Why you need to use multiple profiles if you use your phone for work
Every Android phone that's Google-certified has an option that lets you have more than one login that's completely separate from the main account you used to set up the phone. You don't have to switch SIM cards or SD cards and you get the same features that come with your phone, but the two accounts don't share any data.
This is a great idea if you have kids who might want to use your phone, but it's also perfect for anyone who uses one phone for personal and for work use. Your boss might even like the idea!
There are some details you want to know before you just start setting things up. These could be a dealbreaker, so it's good to know what's up before you consider it.
- Most Android phones sold in North America only use one SIM card so your number stays the same.
- By default, a secondary account can't use SMS but that can be changed in the account settings.
- Only the Admin account — the one you used to first sign into the phone — can add users.
- Your company IT department might not allow this because your phone can't be wiped using normal means.
These restrictions make sense because no data is shared between user accounts on Android. If I use two accounts on my phone and install an app on one account, the second account has no access to the app or its associated data. This provides for a very sandboxed experience that can be super beneficial if you're forced to read company email or use company apps and your company isn't providing you with a phone.
This is slowly becoming the norm and many companies embrace the bring your own device playbook where your work stuff kind of piggybacks on top of your personal stuff on a phone you bought for yourself. You can benefit by not having to carry two phones (which can be a pain) and your boss benefits by not having to buy you a phone for work so both sides kind of win here — especially since you can ignore anything work-related whenever you want by switching profiles.
It's really great not having your email or a company-wide communications app go off every 10 minutes on the weekend or after you're done working for the day. It's equally great being able to switch profiles on the fly so you can check that company email if you want or need to. When it's your phone, you should be in control of it as well as how it eats away at your life.
There's a big privacy aspect here, as well. If you sign into your phone and simply add a second Gmail account through the Accounts section in your settings, there is a good chance you'll need to allow your work account access to some of your personal data. Especially if you use older apps that don't let you set permissions that only apply when you run an app or while the app is in use. I still use the old depreciated MyMaps app because I have a ton of places highlighted in it that are ADA accessible. My boss doesn't need to know any of this, but since it's an older app I'm forced to give permission or constantly ignore the requests. Something like this can be important if your company uses a Google Workspace and you're not the only one with access to your application data.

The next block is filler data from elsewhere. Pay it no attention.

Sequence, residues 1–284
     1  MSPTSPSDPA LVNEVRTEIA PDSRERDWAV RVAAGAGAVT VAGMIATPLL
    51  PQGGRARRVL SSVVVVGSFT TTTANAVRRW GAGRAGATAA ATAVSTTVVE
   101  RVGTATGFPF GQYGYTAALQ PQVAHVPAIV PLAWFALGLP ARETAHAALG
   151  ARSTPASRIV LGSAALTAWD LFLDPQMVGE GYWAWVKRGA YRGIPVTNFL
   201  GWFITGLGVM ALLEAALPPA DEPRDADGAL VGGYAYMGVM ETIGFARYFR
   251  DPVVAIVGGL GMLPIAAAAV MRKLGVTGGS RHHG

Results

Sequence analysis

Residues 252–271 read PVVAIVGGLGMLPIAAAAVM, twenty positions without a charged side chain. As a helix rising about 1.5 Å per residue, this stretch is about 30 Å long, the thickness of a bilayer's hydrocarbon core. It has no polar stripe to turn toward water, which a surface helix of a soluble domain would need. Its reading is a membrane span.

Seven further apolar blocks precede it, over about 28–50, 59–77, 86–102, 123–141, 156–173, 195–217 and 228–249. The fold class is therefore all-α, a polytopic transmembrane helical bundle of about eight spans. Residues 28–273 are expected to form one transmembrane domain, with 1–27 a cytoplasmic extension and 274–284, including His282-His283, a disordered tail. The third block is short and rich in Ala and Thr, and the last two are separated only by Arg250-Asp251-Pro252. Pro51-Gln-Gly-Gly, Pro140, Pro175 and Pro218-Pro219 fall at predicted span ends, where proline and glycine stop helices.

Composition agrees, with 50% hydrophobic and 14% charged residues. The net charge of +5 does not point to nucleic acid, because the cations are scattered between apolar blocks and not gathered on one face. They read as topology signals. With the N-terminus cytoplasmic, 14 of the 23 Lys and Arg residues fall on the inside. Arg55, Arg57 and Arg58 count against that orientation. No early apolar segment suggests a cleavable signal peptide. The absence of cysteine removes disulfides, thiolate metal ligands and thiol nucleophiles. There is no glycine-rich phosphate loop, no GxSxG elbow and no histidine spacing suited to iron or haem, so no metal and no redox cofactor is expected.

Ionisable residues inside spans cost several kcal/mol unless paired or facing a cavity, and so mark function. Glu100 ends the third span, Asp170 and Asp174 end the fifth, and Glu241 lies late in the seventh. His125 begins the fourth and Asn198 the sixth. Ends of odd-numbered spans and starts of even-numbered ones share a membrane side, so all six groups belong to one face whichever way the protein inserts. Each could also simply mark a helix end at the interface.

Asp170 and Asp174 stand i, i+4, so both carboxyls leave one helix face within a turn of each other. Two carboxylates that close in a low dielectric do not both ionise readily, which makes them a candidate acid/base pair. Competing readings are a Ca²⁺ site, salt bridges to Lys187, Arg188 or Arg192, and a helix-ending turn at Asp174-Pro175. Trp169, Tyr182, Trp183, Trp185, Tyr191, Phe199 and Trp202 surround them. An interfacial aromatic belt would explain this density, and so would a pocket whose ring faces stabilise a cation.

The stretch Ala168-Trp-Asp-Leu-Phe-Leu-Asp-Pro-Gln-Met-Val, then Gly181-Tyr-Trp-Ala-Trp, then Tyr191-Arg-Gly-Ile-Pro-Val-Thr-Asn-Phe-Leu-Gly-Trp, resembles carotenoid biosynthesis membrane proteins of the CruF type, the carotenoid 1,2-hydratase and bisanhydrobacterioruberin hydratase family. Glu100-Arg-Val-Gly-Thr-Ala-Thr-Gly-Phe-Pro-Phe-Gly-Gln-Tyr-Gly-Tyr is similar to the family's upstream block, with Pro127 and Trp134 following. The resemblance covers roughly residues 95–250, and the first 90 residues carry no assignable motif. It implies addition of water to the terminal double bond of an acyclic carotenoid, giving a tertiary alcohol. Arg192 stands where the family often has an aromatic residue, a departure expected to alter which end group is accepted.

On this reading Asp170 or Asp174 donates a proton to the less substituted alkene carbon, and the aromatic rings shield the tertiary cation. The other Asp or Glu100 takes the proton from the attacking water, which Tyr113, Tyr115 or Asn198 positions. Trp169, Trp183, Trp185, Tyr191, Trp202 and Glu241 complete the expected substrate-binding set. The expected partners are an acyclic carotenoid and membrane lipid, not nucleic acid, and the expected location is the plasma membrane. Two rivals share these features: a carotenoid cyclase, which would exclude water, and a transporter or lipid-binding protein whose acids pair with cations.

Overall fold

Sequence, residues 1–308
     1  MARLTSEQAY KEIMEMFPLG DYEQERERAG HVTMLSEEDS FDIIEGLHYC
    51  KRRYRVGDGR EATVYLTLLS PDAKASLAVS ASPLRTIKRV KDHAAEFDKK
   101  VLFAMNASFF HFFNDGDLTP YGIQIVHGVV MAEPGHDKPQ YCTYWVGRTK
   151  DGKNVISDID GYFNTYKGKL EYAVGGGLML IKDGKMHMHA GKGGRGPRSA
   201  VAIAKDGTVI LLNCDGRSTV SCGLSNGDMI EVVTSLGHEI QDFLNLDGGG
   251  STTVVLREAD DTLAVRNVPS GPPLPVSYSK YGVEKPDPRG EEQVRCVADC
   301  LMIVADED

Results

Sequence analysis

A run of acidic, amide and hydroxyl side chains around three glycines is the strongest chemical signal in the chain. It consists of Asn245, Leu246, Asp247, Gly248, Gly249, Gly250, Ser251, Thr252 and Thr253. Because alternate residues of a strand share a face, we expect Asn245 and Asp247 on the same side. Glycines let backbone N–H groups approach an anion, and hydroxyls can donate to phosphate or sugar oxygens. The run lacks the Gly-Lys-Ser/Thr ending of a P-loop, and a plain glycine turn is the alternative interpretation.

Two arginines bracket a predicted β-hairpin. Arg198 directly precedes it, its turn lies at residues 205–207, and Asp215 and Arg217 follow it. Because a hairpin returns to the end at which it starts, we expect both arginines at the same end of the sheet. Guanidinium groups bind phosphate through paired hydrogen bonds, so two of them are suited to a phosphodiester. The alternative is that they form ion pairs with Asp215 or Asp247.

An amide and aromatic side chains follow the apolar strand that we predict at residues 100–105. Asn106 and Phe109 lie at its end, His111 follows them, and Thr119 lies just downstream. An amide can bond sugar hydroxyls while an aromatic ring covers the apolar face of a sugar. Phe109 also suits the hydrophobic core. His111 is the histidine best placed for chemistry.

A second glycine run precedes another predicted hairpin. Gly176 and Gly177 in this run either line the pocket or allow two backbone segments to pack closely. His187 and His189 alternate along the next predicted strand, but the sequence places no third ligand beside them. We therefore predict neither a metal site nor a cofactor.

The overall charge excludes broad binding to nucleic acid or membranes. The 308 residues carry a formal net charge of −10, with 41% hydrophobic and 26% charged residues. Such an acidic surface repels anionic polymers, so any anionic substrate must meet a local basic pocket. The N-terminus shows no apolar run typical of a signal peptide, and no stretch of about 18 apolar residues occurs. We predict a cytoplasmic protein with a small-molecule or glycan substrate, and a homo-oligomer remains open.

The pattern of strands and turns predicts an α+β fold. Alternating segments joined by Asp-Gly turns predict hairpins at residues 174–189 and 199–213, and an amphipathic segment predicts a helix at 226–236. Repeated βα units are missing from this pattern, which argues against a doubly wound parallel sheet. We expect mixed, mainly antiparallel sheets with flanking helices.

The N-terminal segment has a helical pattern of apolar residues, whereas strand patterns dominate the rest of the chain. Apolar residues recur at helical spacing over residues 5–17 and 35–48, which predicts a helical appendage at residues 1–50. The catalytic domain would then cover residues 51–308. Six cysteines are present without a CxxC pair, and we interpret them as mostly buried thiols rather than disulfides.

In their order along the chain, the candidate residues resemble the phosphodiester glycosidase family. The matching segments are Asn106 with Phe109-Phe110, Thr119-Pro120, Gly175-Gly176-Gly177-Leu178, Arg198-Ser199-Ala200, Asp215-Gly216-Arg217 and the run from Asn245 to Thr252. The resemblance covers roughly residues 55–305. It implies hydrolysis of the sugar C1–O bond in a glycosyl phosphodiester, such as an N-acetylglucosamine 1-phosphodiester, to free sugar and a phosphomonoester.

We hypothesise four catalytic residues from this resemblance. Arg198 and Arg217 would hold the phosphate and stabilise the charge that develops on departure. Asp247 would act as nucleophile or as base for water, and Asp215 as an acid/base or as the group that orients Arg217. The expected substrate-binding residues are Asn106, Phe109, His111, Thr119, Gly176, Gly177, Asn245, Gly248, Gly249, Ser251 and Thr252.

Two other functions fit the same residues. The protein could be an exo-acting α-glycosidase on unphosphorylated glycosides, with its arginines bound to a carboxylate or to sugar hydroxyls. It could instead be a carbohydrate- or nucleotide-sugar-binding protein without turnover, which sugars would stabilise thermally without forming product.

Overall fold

It works in reverse, too. Maybe your work uses an internal app to track customers. If you're using Android the "normal" way and simply added your work email, you now have access to the data of that app unless you consent to a remote wipe of all user data. Even if the app reads data from a company server, it's still not a smart way to operate, and most IT and security professionals wouldn't be happy about it if they sat and thought about it. Sorry for the extra work, IT folks.
All of this goes away if you separate work and personal life by using a second profile. Your stuff is sandboxed away so nobody at your company can ever access it, and when you make a career change, all your company needs to do is change the password if you're using a Google Apps domain for work.
The one place where using a secondary profile might not work is when your company demands the ability to remotely wipe your phone. First of all, if this is a phone you paid for, you should never consent to this. A company with this policy needs to be willing to spend the money to buy equipment for its employees. If you have to allow it, there is a good chance that your company will insist you either do things the "normal" way and just add the relevant account or to wipe your phone and sign in with your work account first.
Neither of these options is great, but times are tough and jobs are hard to come by so you just might have to do it. If neither of these is the case, though, you really ought to take a look at adding a second user to your phone. It's easy to do, and if it doesn't work out, it's just as easy to erase.
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Jerry is an amateur woodworker and struggling shade tree mechanic. There's nothing he can't take apart, but many things he can't reassemble. You'll find him writing and speaking his loud opinion on Android Central and occasionally on Twitter.